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The current Covid-19 crisis is a defining moment of our lifetimes. I have been trying to help in different ways, drawing on my experience and research on economic and financial crises. This one is somewhat different, however, which calls for new, innovating thinking, not to talk about swift action. Here I gather some of my contributions so far, as well as discussions and interviews.

  • Pandemics, Incentives, and Economic Policy: A Dynamic Model , with Humberto Martínez and Andrés Velasco, March 2021
  • Credit, Employment, and the Covid Crisis , with Luis Céspedes and Andrés Velasco. Working Paper, January 2021.
  • Covid-19: Economic Implications and Policy Lessons A conference at the Central Bank of Chile, January 2021. Co-organizers: Roberto Chang, Andrés Neumeyer, Alvaro Aguirre, and Sofía Bauducco.
  • The Real and Fiscal Aftermath of the Pandemic  A presentation for the 2020 RIDGE Workshop in International Macro.
  • Peru Squandered Its Early Covid Advantages. Here is How It Can Recover , Americas Quarterly July 2020. A perspective on the Peruvian case with emphasis on options available in the short run.
  • Economic policies can induce people to quarantine safely during the pandemic , with Andrés Velasco,  in The Conversation, June 2020.
  • The Macroeconomics of Pandemics: A Minimalist Model, with Luis Felipe Céspedes and Andrés Velasco. Working Paper, May 2020. We develop a bare bones model of a pandemic crisis that emphasizes the interplay between labor employment, productivity, and financial constraints. Shedding jobs can be costly for productivity once the pandemic subsides, which makes it desirable to preserve employment even if productivity is temporarily low. However, in the presence of collateral constraints, firms may not be able to finance the current wage bill and be forced to dismiss workers. And collateral constraints may become tighter if the value of firms fall, reflecting expectations of future profits and productivity. This interaction implies amplification of the health shock and possibly multiplicity of equilibria. The model suggests a justification of several current unconventional policy proposals, including temporary subsidies to wage costs and credit guarantees.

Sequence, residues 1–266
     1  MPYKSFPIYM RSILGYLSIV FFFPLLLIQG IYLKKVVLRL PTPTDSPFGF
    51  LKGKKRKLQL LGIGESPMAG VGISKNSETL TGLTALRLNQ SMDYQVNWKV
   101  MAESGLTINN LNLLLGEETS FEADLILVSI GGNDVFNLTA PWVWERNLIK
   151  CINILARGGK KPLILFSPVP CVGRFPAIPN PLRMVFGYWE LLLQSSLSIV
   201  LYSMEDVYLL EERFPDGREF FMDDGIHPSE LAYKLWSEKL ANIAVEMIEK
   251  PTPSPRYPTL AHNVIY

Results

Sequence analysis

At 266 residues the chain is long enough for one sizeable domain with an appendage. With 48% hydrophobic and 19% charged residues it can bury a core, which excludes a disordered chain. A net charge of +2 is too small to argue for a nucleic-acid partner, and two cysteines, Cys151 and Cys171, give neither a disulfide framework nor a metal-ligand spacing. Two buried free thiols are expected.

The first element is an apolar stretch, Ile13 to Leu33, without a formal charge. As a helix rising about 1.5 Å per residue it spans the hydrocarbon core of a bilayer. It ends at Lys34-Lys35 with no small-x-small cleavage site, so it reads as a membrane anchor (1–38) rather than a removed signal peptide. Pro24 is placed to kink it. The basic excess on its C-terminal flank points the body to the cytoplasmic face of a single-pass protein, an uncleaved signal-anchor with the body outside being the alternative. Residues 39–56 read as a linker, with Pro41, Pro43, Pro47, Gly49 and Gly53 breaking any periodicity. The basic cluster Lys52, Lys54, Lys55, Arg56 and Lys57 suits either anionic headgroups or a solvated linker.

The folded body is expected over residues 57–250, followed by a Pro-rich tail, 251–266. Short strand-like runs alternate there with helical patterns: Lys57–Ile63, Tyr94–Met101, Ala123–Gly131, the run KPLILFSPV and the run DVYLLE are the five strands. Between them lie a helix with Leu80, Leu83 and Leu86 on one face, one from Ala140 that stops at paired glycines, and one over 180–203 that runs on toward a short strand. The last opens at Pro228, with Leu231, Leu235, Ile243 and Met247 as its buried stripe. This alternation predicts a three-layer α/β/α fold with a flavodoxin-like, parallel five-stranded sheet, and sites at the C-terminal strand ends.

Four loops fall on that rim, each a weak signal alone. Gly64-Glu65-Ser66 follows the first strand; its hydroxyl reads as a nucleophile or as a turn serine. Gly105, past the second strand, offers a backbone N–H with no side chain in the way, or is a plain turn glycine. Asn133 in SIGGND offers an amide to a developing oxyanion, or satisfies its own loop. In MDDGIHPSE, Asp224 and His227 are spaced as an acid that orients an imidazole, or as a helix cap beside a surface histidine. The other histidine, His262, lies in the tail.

• Economic Policy Incentives to Preserve Lives and Livelihoods , with Andrés Velasco. Working Paper, April 2020. Comments are most  welcome. The Covid-19 shock is not exogenous: its magnitude depends on individual decisions to adhere to lockdowns and other public policy directives, decisions that are influenced by economic policy. This fact has crucial implications for the analysis of current economic policy proposals and their interaction with public health measures. We develop these implications in the context of a model that, in spite of its simplicity, is the first one to feature complete microfoundations of the joint determination of infection and economic outcomes. This means, in particular, that our analysis is immune to the Lucas Critique in a way that existing studies are not. Many practical lessons emerge from the analysis: most importantly, we show how public health measures and economic policies can complement each other, reducing the cost of preserving both lives and livelihoods.
  • Economic Policy Incentives in the Fight Against Pandemics , with Andrés Velasco, a column for Vox discussing the ideas above
  • The Virus Turns South, with Andrés Velasco, March 2020, for Project Syndicate
  • Interview: Casa America Catalunya on the Covid-19 crisis (in Spanish)
  • Ethical and Economic Imperatives in Confronting Covid-19 An open letter written by four past Latin American presidents and nine prominent economists.  This version was published in Americas Quarterly.
  • Macro Policy in the Time of COVID-19  A World Bank e-seminar organized by Norman Loayza. My presentation discusses the question of economic policy incentives in the fight against Covid-19: you can find the slides here
Poster for a recent interview on the Covid-19 crisis